- Lightning right wing Nikita Kucherov was the final piece of the puzzle to the fabled Triplets line that has been tearing up the NHL this season. Kucherov joined left wing Ondrej Palat and center Tyler Johnson in the Lightning’s eighth regular season game at Winnipeg and has been a fixture with the pair ever since. Kucherov said watching Palat and Johnson’s early success in the NHL fueled his drive to join them while he was in the minors in Syracuse early in the 2013-14 season.
“You look at them and want to be on the same level as them when I was in the minors,” Kucherov said. “So I was trying to work as hard as I can to prove to everyone I can play in the NHL. I got lucky. I got called up last year and got to experience 54 games. It was a huge year for me last year. Johnson and Palat set a huge example for me.”
- Kucherov was asked by a Chicago reporter to describe the Tampa Bay Lightning, leading to this exchange.
Reporter: “Who are the Tampa Bay Lightning?”
Kucherov: “Just a skilled team, smart and hungry to win.”
Reporter: “Like the Blackhawks?”
Kucherov: “Nah, like Tampa Bay.”
- Cooper said there was a moment during the Detroit series when he worried maybe the Lightning would get bounced from the playoffs in the First Round for a second-straight season. His players quickly erased those fears.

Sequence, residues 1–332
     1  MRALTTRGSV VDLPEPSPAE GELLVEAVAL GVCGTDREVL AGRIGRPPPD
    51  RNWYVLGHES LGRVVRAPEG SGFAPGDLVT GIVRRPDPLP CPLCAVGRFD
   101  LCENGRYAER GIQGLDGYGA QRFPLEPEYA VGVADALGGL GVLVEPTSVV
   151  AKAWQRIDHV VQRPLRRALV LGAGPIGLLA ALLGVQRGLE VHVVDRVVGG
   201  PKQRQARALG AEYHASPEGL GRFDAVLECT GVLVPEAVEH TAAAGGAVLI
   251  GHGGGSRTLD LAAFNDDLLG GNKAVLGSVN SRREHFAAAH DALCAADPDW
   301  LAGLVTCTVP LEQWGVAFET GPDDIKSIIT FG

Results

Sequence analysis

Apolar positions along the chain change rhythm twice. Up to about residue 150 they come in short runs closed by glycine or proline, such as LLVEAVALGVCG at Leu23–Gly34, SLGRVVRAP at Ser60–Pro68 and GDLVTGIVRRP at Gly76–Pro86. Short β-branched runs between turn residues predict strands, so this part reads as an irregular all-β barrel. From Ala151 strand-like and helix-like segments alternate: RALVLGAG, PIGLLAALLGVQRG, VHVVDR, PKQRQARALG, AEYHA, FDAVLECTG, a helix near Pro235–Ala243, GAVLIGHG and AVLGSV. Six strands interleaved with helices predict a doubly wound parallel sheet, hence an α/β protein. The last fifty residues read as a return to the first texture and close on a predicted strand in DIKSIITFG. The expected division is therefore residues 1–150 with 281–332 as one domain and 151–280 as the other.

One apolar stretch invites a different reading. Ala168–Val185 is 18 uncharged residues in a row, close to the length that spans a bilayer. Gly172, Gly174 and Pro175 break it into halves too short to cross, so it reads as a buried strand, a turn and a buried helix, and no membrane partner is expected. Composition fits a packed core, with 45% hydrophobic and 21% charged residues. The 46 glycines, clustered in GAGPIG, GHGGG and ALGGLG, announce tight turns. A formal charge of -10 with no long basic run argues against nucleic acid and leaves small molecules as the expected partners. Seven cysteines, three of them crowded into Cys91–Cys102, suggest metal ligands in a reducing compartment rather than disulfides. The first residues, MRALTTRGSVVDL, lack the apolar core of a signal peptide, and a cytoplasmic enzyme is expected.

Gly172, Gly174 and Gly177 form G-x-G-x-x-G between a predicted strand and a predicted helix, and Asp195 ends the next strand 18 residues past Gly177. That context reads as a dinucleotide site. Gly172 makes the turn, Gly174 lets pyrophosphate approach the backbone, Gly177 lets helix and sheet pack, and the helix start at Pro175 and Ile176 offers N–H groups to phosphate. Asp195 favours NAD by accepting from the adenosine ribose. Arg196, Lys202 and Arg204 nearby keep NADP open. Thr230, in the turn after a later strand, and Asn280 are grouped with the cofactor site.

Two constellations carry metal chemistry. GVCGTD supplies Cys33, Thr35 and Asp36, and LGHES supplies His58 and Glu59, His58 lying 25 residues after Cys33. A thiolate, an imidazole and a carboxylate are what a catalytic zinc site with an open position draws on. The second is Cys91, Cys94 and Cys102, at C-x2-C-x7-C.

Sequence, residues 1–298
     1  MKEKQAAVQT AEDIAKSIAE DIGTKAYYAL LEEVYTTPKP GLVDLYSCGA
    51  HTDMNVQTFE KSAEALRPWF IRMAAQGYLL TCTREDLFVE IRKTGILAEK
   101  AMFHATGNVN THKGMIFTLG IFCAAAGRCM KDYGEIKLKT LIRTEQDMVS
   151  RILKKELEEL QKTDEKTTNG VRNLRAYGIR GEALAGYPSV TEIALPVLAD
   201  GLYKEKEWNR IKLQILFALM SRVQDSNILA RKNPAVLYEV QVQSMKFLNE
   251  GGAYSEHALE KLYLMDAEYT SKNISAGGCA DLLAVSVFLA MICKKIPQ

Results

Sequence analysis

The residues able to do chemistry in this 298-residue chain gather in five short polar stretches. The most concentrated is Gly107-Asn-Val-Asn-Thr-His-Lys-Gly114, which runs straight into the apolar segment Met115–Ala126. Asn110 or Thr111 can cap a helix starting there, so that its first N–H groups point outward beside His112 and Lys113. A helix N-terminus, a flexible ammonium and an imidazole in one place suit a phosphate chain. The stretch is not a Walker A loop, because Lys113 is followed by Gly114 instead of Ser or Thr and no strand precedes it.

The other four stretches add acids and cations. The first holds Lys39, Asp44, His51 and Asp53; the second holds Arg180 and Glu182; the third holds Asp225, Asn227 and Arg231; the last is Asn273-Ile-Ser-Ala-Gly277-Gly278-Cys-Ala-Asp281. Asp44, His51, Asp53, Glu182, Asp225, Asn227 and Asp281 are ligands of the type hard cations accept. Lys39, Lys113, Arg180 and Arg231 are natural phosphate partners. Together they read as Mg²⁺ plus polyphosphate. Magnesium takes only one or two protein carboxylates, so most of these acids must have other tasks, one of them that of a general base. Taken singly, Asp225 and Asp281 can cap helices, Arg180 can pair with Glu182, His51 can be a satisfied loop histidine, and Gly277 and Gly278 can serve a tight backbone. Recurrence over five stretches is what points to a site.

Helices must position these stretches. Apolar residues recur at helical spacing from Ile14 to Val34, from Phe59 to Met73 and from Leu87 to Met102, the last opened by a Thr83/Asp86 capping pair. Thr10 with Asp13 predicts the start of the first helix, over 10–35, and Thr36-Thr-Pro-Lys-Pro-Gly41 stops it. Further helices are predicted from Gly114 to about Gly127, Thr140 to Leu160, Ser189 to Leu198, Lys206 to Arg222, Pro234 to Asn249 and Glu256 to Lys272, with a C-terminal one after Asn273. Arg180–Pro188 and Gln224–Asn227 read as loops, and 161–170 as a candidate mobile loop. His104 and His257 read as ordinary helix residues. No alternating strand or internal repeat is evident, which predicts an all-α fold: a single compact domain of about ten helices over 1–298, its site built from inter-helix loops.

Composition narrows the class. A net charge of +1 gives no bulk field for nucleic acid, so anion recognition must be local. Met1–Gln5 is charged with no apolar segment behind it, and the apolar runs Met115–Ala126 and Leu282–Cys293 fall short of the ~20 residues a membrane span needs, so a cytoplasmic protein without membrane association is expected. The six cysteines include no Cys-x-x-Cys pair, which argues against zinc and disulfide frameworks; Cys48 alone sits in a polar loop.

Cooper: “The Detroit series when we were staring that 3-2 deficit in the face, it was, ‘Oh wow, this isn’t going to happen to us again?’ You could just see the attitude of the players. It was, ‘Coach, don’t worry about this one. We’ve got this.’ And they did…Every time there’s been that little bit of adversity or we feel like we’re down and out, they come back with a knockout punch.”
- Palat said that he and Johnson and Kucherov have chemistry on the ice because they’re friends off the ice.
“But it’s not like we have to be all together,” Palat said. “…When we go out for dinner (on the road), Kucherov likes room service. He’s a little bit lazier.”
- Lightning defenseman Matt Carle echoed Cooper’s thoughts that the Detroit series may have been the Bolts’ biggest challenge in these 2015 Playoffs.
“I feel like the Detroit series was probably the hardest for us,” Carle said. “I don’t know if it was just because we were trying to get over the hump and trying to win our first series. Detroit played a pretty similar game to us, so it was almost like playing a mirror image of ourselves, which made it tough.”
- Carle was asked if there’s a book to slowing down the Blackhawks’ Toews.
“If there is one, nobody’s written it and nobody knows how to write it,” Carle quipped.
- Lightning captain Steven Stamkos nearly reached the Stanley Cup Final in his third season in the league when the Bolts were one win away but fell in Game 7 of the Eastern Conference Final to the Boston Bruins. Getting back to this position has driven him ever since.
Said Stamkos: “This is the ultimate dream for me and my team, and we’re going to have some fun and enjoy it.”
- Stamkos said he’s been having trouble sleeping of late but not because of a fear of going up against Chicago All-Star defensemen Duncan Keith and Brent Seabrook.
Rather, it’s the thought of what potentially lies ahead for the Lightning as the Stanley Cup Final is set to begin Wednesday with Game 1 at Amalie Arena (puck drop 8 p.m.).
“That’s what’s been disrupting my pregame nap this playoffs is that vision of hoisting the Stanley Cup.”